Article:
NSSM 200 relied on statistics that were questionable, even at the time, but which history has proven to be extremely inaccurate. In its section of population projections, NS SM 200 states that “If present fertility rates were to remain constant, the 1974 population 3.9 billion would increase to 7.8 billion by the year 2000 and rise to a theoretical 103 billion by 2075.” Even the so-called medium variant projected that world population would reach 6.4 billion by 2000 and 12 billion by 2100.

Most critically, NSSM 200 assumed that the rate of world population growth was increasing. In reality, it was beginning to decrease at the time the document was written. The world population growth rate has decelerated dramatically from 2.07% annually during the period 1966–1970 to 1.33% annually during the period 1996–2000, and is expected to halt altogether in the coming decades.

World Population on the Decline

The current world population is about 6.1 billion persons and will never again double. The United Nations has projected that population will peak somewhere between 7 and S billion persons before beginning a rapid decline. Declining populations mean developing nations will not only suffer from the current ills that afflict them due to underdevelopment: they will also suffer from a rapidly aging population. The potential for civil unrest and revolution will be greatly multiplied under such conditions.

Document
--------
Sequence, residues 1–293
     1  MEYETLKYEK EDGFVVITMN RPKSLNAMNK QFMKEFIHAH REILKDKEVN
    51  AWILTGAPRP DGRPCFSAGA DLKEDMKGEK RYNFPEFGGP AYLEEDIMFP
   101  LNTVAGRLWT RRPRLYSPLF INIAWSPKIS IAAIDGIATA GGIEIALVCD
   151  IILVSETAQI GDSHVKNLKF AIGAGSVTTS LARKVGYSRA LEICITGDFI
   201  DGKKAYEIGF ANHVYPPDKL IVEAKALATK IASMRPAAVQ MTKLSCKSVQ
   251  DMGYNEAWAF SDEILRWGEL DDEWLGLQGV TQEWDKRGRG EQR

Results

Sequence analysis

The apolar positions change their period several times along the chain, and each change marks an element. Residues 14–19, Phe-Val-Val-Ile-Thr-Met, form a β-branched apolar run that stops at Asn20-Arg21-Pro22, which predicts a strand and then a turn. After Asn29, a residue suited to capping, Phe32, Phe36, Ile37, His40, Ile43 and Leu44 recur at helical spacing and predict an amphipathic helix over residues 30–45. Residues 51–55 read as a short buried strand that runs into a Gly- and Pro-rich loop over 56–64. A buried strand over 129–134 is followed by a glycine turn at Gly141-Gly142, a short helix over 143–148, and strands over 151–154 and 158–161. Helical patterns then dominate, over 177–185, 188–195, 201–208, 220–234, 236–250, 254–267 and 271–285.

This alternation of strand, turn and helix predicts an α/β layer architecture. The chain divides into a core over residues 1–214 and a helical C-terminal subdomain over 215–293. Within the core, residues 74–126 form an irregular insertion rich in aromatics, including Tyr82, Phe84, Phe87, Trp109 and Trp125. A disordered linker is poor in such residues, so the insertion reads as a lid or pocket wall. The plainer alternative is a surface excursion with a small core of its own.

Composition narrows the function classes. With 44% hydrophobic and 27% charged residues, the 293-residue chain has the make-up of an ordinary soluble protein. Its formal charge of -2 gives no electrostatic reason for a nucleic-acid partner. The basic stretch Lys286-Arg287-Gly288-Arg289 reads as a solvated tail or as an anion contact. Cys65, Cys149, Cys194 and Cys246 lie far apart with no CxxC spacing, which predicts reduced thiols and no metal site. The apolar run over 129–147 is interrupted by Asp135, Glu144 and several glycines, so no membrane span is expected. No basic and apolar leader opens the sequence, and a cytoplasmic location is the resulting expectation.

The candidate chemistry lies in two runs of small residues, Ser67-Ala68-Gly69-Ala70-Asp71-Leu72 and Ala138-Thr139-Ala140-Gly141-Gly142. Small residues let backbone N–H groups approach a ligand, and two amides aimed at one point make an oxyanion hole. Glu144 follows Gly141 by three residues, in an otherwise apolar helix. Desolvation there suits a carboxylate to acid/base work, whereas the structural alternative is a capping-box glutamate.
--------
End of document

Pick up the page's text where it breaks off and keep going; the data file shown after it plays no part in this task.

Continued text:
In light of these projections the time has come to reconsider the appropriateness of massive population control expenditures. Since the world population will soon decline, causing vast demographic and societal changes, the time has come to redirect population control monies into the authentic economic development of the developing world and into programs designed to care for the world’s aging population.

$100 Billion + Spent

The developed nations of the world (in particular the United States, Canada, Sweden, Denmark and Japan) have spent more than $100 billion on population control programs over the past thirty years. We have learned that mere population control measures do not lead to peace and stability (the major objective outlined in NSSM 200), but to resentment and more poverty. The effects of NSSM 200 on men, women, and families in the developing world have been devastating.

Please Help Meet Basic Needs

The people of the less developed countries are crying out for basic health care, for rural electrification, for better roads, for clean drinking water and sanitation, and for improved agricultural equipment. Tragically, they have been asking for these basic necessities for years. Instead, the US continues to send money to decrease their numbers. It is long past time to respond to their pleas and to abandon our population control programs. We must instead use our great influence and wealth to promote authentic economic development. Only this course of action will bring lasting justice and peace to the world.

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The PDF of the Report is sourced from the website of the United States Agency for International Development (USAID.gov). It is hosted here as "public information" as indicated by the USAID.org General Disclaimer and Copyright Notice.

The PDF of the Kissinger memo [Public Domain] is sourced from the Nixon Library.